Truck platooning demonstrated

On the sidelines of the Asia-Pacific Challenge 2016 finals, Volvo Trucks demonstrated truck platooning at Falkenburg. One truck led the way, and others followed it in a convoy, copying every move of the truck in front. Separated by as little as 25 ft., like a convoy of cyclists in Tour de France, each truck, except the one at the front, benefitted from a drop in wind resistance. Said Hyder Wokil, Mobility & Automation Director, Volvo Trucks, that such a formation could save six per cent fuel. He averred that platooning requires vehicle-to-vehicle communication and an amount of autonomous driving. Pointing at technological solutions that aren’t far from turning commercial application, the platooning demonstration endorsed the fact that incremental steps are being taken to make trucks efficient than they are today. “Truck platooning can bring significant fuel saving and reduce CO2 and toxic emissions. It can also help to reduce congestion through efficient use of existing infrastructure, thereby reducing pollutants and greenhouse gases further. In the long run, haulage companies in particular will benefit from faster transhipment of goods through fewer traffic jams. Roads will be used more efficiently. Through harmonisation of regulations, the automotive industry will be able to work on the smooth introduction of self-driving trucks,” mentioned Wokil.

Ravi and Anil lead the way

At the finals held at Thailand, it was P Ravi who won the championship. He and Anil Reddy works for S V Engineering Construction (SVEC), a company that participates in mining, infra and agricultural projects. Both, Ravi and Anil are leading the way in reflecting upon truck drivers that they should save fuel and care for the environment by doing their bit. There’s also something that SVEC is doing right, that has got Ravi and Anil this far. Established in 1973, SVEC transitioned from irrigation projects to mining in 2000. It has now transitioned into infra projects due to the slowdown in mining activities. Working on infra projects like the construction of second runway at the Bangalore Airport, SVEC has 110 Volvo tippers and 28 Volvo 48-tonne excavators. A loyal Volvo customer since the first truck that SVEC bought in 2000 continues to operate even today, N Vinod Reddy, Managing Partner, SVEC, informs that his company calculates the fuel consumption of its drivers and the best driver is sent to the Volvo Fuelwatch competition. Of the opinion that such a competition motivates the drivers and results in a huge improvement, both Ravi and Anil have been working for SVEC since 2014. Both had the experience of driving premium trucks, but the Volvo driver training and on-site training helped them to learn to achieve better fuel economy. “Anil and Ravi will be made trainers for the rest of the drivers at SVEC so that their journey motivates other drivers,” Reddy stated. Interestingly, for the fleet operator, a rise in fuel savings translates into more profitability. If he has 100 trucks for example, and each truck saves 10 percent fuel, the savings in monetary terms amount to Rs.2-2.5 crore per year.

A system named Dynafleet

Dynafleet make look like just another telematics-based fleet management tool developed by a truck manufacturer, it is however much more than that. According to Volvo sources, it helps to deliver on an important count of fuel efficiency. It measures the fuel economy of a truck, and is designed to provide an insight into the management of the entire fleet, truck-by-truck. Helping to pick up information for a deeper understanding the truck operator’s business, Dynafleet also helps to take corrective measures. It can generate reports from a wide range of parameters and discover why a particular driver consumes more fuel than the other when he is driving the same truck. Potential savings are easy to identify, and quickly. Enhancing profitability, Dynafleet reports vehicle data and driver times to both the driver and the office. This information assists in transport analysis and forms a reliable basis for the vehicle manager’s work and the office’s wage calculations. A complete transport management system, Dynafleet presents a range of logistical functions including the vehicle’s position. This makes the system the transport planner’s daily tool for planning, managing and following up transport assignments.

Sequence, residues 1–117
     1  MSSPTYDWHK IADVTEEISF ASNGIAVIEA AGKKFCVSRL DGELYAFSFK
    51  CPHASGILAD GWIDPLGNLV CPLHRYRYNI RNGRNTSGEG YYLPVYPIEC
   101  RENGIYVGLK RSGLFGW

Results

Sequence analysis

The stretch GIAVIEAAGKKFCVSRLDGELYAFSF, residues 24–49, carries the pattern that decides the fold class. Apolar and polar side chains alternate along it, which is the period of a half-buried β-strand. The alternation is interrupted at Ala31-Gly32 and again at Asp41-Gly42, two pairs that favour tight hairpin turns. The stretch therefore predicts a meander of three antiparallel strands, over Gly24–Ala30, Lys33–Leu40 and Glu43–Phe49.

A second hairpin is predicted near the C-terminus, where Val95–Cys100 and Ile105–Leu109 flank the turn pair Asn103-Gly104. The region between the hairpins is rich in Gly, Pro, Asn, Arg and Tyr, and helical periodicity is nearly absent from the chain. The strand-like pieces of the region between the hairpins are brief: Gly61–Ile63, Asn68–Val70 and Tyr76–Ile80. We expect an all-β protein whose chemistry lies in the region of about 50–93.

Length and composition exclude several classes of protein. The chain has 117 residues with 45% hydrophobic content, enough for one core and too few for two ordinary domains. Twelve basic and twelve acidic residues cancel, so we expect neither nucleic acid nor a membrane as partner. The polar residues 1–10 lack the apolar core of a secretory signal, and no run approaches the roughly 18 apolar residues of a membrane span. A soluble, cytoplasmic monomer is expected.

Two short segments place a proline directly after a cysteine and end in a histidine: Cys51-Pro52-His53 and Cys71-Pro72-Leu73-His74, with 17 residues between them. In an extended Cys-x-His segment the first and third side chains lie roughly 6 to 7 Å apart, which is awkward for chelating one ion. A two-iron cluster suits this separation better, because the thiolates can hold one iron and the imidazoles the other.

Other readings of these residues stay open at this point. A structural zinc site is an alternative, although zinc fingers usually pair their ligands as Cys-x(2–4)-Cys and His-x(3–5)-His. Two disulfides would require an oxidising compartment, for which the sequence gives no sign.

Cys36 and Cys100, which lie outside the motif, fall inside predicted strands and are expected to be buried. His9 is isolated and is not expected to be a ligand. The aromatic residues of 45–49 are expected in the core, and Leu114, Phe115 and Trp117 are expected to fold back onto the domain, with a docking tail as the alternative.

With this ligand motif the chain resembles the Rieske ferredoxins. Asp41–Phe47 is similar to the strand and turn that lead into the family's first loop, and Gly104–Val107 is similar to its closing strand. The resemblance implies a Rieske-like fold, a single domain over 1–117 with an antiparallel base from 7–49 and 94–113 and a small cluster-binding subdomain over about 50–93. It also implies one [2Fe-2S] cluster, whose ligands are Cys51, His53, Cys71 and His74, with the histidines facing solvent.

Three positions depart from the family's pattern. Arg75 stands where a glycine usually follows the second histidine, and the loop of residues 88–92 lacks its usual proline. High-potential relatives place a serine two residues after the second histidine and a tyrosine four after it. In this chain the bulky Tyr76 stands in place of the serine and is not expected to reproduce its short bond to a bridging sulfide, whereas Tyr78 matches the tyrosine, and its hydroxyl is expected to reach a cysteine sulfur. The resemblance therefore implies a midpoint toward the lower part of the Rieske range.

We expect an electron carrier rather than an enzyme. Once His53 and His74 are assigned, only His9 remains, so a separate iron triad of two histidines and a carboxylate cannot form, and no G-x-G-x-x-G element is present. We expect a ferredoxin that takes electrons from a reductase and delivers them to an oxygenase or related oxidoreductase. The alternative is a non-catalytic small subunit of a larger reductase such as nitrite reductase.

CAPTION

ò Volvo Trucks officials with Indian contestant and last year’s APAC winner.

ñ FM 500 being used for on-road competition.

ð After the competition all the data are acquired from the Dynafleet by the Volvo official.

Volvo truck to self-drive in an underground mine

Volvo Trucks is gearing up to test what it claims will be the first fully autonomous truck in operation in an underground mine. To be self-driven at the Kristineberg Mine in Sweden, Volvo Trucks, Torbjorn Holmstrom, member of the Volvo Group Executive Board and Volvo Group Chief Technology Officer has said, that his is the first company in the world to attempt such a feat. Part of a development project aimed at improving the transport flow and safety in mines, the truck is expected to cover a distance of seven kilometre. In doing so, it is claimed to reach a depth of 1320 metre underground. The truck will make use of sensors that continuously monitor the truck’s surroundings to avoid fixed as well as moving obstacles. An on-board transport system will gather data to optimise and coordinate the route and fuel consumption.

Pierre Jean Verge Salamon, President, Volvo Group Truck Sales, India

 

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Technology and growth

Interview by: Bhushan Mhapralkar

Q. How do you find the Indian commercial vehicle market?